There is little worse than spending four months trying to get your baby to 'learn' something they are not developmentally ready to learn.
My advice in this group is to get everyone sleep by any means necessary. The only thing more depressing than holding your baby for naps is spending hours patting and shushing in a dark room while other kids watch TV. A sling is much easier than a babe in arms.
Besides, it's almost always easier to have a shower or make dinner while the baby is awake at this age. Generally they are happy enough on a mat or in a bouncer.




#13 Justaduck

Posted 07 January 2013 - 10:53 PM

We used to wrap DD from her underarms down. She HATED being fully confined. We used just muslin squares though & moved her into a Grobag with arms free when she needed it for warmth.

#14 lucky 2

Posted 07 January 2013 - 11:01 PM

Off topic but congratulations runnybabbit, now I know why I haven't seen you around lately, you've been very busy growing and birthing your baby.
I'm very happy for you  original.gif  .

#15 Dylan's Mummy

Posted 08 January 2013 - 07:12 AM

From about 2 days old my bub was always wrapped with his arms out. When we wrapped with his arms in he would work them out anyway and then the wrap would be too loose.

#16 Natttmumm

Posted 08 January 2013 - 07:15 AM

Try no wrap. Not all babies sleep better with it. DD1 didn't DD2 did.



#17 Franni

Posted 08 January 2013 - 07:28 AM

DD is now 2 months and I wrap tightly in a huge muslin wrap with 1 arm up near her face. DD likes to suck on her hand, I found this combo stops her waking and she has started sleeping really well now.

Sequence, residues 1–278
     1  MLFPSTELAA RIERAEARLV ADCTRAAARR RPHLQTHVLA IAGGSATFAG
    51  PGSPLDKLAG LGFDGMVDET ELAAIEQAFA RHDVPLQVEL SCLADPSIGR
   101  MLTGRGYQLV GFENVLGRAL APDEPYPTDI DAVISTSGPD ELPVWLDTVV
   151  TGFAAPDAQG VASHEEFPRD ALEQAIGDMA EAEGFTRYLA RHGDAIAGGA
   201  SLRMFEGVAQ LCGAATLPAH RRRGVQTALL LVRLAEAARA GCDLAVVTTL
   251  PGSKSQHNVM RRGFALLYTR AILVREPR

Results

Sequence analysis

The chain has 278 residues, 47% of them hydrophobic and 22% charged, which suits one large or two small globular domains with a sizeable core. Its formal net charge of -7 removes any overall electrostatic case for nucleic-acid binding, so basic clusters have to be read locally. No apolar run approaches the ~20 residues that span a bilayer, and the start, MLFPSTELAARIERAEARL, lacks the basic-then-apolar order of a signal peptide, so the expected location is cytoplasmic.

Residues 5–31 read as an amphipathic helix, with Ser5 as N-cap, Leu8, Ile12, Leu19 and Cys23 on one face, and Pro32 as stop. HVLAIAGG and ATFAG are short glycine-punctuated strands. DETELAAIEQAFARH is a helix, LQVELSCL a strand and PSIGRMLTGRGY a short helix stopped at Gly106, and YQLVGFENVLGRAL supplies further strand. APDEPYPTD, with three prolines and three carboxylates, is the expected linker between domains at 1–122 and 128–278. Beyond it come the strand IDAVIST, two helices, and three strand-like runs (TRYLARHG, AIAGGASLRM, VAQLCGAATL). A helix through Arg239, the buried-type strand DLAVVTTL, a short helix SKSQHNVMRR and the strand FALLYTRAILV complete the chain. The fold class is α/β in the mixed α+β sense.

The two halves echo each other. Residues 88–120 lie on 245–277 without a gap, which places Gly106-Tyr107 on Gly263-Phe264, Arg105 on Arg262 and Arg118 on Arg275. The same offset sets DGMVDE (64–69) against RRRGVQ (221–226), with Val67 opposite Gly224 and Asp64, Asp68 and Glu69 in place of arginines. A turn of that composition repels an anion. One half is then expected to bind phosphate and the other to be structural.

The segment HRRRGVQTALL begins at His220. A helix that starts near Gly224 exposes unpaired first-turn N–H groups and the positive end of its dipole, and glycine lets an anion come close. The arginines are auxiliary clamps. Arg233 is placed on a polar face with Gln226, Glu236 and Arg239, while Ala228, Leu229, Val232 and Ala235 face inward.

#18 Mum2TwoDSs

Posted 08 January 2013 - 01:15 PM

QUOTE (Kay1 @ 07/01/2013, 09:49 PM) <{POST_SNAPBACK}>
The Love to Dream swaddle was hopeless for my baby. He can't have his hands anywhere near his face or he goes nuts trying to suck on them. And if he does suck on them he goes crazy. He needed and still needs to be wrapped up like a spring roll, arms by his sides or there is no sleep at all.

I'd try a few different ways and see how you go.


This is exactly my baby too who is 12 weeks old. The love to dream works for some babies but not mine due to his strong rooting reflex and frustrating himself (even though he wasnt hungry) and he cannot sleep properly. Arms down work best for mine.

Try no wrapping to see how it goes. If he is still waking then it may not be the swaddle.

My DS1 was not sleeping swaddled since back home from hosp and boy, he was a terrible sleeper! DS2 remains swaddled till today (12 weeks) and he sleeps much better and longer. If his arms come out, he would wake up crying and I saw him startling with arms out before and he would cry. So I am definitely on the swaddling side of things. In the beginning it seemed he was protesting the swaddling but we stuck to it. Now he loves it and everytime I swaddle him, he would just quietly allow me too. He has taken swaddling as his sleep cue.

#19 Propaganda

Posted 08 January 2013 - 02:28 PM